Hospital Procedures


  • Cataract surgery is the removal of the natural focusing lens within the eyeball when it becomes cloudy and replacement with an artificial lens implant.  This is performed through a small incision with an ultrasound device which dissolves the cataract and aspirates it from the eyeball, a process called  phacoemulsification.  There are usually no sutures required except in special circumstances.

  • Trabeculectomy is a procedure performed to reduce eye pressure in glaucoma by creation of a small opening in the wall of the eye which allows fluid within the eyeball to trickle out and collect within a small bubble of tissue (called a bleb) at the top of the eyeball.  Very often a drug called mitomycin is used during the trabeculectomy surgery to prevent later scarring which would close off the opening which is created.  Newer procedures are being developed including some of the procedures listed below which are used for milder cases of glaucoma and reduce the risks which accompany a trabeculectomy procedure.

  • Express Shunt is a proprietary name for a device used to perform a variation on the trabeculectomy surgery technique, but which accomplishes essentially the same end result and carries a similar profile of indications and risks.  The shunt is a small metallic tube which is placed in the wall of the eye to create a bypass for fluid to exit the eye.

  • Trabectome is a proprietary name for equipment used to remove the wall of the internal drain of the eyeball and allow fluid to leave the eyeball more directly.  The procedure performed with the Trabectome device is meant to reduce eye pressure without creating the bleb which a trabeculectomy would create, thereby trying to prevent potential problems which can sometimes arise from creation of a bleb.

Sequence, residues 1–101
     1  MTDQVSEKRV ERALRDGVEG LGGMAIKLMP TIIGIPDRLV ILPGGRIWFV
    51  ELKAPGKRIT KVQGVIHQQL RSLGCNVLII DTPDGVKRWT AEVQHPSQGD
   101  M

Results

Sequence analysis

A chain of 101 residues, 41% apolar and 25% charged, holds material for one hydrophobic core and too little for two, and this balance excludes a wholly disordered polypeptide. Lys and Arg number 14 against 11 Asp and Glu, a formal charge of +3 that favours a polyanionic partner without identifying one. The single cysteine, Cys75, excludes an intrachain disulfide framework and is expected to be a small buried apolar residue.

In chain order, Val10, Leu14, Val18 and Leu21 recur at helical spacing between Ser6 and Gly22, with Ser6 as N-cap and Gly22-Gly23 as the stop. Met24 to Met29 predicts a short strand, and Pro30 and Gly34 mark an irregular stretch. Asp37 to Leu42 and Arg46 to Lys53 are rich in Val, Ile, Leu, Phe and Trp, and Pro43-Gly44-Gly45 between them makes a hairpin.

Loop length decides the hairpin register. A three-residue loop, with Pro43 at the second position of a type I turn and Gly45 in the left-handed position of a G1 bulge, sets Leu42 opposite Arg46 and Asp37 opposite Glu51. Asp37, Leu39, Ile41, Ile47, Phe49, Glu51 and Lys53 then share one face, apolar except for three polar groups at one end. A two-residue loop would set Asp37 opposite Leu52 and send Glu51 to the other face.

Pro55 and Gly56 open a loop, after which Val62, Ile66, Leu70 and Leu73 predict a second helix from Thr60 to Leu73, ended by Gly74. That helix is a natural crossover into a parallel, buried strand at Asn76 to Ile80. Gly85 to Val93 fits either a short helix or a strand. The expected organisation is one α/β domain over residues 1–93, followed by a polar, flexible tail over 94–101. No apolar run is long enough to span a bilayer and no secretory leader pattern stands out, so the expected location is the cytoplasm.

• Canaloplasty is another procedure for glaucoma for reduction of intraocular pressure without formation of a bleb.  It involves placing a stenting suture within the drainage canal (Schlemm’s canal) within the eyeball to increase the efficiency of drainage of fluid out of the eyeball.

  • iStent is a proprietary name for a metallic stenting device which pierces the wall of the drainage canal (Schlemm’s canal) within the eyeball and allows direct shunting of fluid within the eyeball into Schlemms canal with the goal of reducing eye pressure.

  • Glaucoma drainage tubes are tubes usually made from silicone which shunt fluid from within the eyeball to an external reservoir to reduce eye pressure.  There are various brands and models of these devices which can be valved to limit flow through the tube or non-valved.

  • Laser cyclophotocoagulation is a procedure which uses a probe to deliver laser energy directly to the part of the eye which produces fluid within the eyeball, thereby reducing the fluid produced and in turn reducing the eye pressure.  This has typically been the procedure of last resort used when other glaucoma procedures fail, but newer technology is available which may permit its use for milder cases of glaucoma.

  • Combined cataract and glaucoma procedures use a combination of one of the above glaucoma procedures with cataract surgery when both a cataract and glaucoma are present..